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Rising inflation

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It was big in the 1960s, made a come-back a few years ago, and now is about to be blown up to undreamed of proportions: the inflatable has taken off. From puffball beginnings - water wings, lilos, squiggy chairs, bouncy castles - inflatables are about to acquire status as serious interior elements: versatile, economic, theatrical and practical.

At the offices of new Internet company CS Sportal, a white switchback inflatable raft snakes its way over the heads of the rapidly expanding staff. A team of 40 when ACQ Architects, a recently formed young practice, was commissioned to refurbish two floors at the top of a glass-roofed extension to an old Battersea Bakery, has now grown to 100 in eight months.

The client wanted a strong 'wow factor' on the main production floor; something loud enough to complement the ubiquitous TV monitors and football paraphernalia scattered on chairs and desks. 'The maggot,' as the staff have named their inflatable suspended ceiling, produces the desired 'wow' effect, and does a lot more besides.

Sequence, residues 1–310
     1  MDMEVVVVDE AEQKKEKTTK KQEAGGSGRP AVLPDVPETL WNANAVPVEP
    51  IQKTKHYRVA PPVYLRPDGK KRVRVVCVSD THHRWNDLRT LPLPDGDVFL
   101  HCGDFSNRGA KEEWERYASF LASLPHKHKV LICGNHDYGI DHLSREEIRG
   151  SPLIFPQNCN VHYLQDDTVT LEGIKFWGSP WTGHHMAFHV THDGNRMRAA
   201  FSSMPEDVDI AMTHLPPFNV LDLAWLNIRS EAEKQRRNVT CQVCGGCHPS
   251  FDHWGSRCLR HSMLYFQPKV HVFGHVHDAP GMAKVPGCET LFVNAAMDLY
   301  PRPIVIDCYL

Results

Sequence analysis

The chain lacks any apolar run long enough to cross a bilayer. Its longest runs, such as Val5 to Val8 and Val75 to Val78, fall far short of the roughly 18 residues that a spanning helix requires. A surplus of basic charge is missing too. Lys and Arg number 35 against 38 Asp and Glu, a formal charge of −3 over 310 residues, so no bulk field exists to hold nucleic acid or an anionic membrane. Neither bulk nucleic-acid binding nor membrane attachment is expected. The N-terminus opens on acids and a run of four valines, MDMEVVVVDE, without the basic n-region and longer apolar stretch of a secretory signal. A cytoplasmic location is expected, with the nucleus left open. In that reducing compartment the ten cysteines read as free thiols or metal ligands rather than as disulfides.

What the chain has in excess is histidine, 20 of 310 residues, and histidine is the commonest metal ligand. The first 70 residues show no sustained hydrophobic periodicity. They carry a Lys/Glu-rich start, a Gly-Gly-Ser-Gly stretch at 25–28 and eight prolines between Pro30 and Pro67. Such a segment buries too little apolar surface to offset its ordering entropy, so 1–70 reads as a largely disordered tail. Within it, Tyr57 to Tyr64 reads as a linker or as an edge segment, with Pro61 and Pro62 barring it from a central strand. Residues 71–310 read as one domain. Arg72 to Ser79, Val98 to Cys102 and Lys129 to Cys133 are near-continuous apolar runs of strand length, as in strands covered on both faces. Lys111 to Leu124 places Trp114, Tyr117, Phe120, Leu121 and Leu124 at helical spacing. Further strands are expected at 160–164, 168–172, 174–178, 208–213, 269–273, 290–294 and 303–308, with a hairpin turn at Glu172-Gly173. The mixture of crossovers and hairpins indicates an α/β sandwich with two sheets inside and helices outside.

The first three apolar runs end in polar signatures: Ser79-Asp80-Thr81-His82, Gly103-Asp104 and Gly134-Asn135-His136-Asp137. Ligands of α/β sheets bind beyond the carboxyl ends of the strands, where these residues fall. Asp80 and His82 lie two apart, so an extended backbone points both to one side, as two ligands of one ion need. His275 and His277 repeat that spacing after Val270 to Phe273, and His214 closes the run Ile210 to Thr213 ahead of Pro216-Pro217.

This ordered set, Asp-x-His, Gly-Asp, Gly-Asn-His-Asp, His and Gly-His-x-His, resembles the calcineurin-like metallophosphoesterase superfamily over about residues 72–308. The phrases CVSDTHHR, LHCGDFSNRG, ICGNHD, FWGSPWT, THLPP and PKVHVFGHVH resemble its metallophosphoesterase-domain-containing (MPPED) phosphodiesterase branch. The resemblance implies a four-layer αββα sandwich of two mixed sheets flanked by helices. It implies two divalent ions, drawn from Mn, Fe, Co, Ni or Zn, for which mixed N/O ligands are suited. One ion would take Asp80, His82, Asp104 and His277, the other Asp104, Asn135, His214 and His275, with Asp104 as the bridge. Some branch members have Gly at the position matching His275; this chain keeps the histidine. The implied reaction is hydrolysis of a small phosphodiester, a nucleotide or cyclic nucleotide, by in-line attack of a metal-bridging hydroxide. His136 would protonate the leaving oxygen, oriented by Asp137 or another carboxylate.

Hal Currey, project architect explains:

'Originally we had it draped down as two partitions defining a 'soft' central zone opposite the entrance, but we had to pull it back up to create more space. It helps reduce glare from the glass roof, it has proved good acoustically because it counteracts all the hard industrial surfaces, like the epoxy resin floor, and in winter it blocks down-draughts.' When lights are fixed above it, it will change colour, but for the moment it is a neutral opaque white, made of class O PVC by Inflate.

The canopy comes in two sections, each made up of 5m ribbed segments, joined by nodular line supports. They are suspended from the roof trusses by cables, and can be winched down for cleaning. The larger of the two sections weighs around 50kg, the smaller 30kg. Internal fans ensure a constant degree of inflation.

ACQ and Inflate are currently working on a spiralling meeting room wall at the Truman Brewery site in east London. The idea looks set to become as popular as fabric roofs - a welcome slice of the fairground infiltrating the office space.

CLIENT Sportal ARCHITECT ACQ Architects: Avery Agnelli, Hal Currey, Kim Quazi ENVIRONMENTAL ENGINEER BDSP Partnership STRUCTURAL ENGINEER Alan Connisbee QUANTITY SURVEYOR Boyden and Company MAIN CONTRACTOR Constructive Interiors CREDITS ELECTRICAL ECL SUBCONTRACTORS AND SUPPLIERS electrical ECL; mechanical Coolair; inflatable canopy Inflate; light reflectors Gap Sails; epoxy resin floor Lasar Contracts; joinery John F Patrick; light fittings iGuzzini

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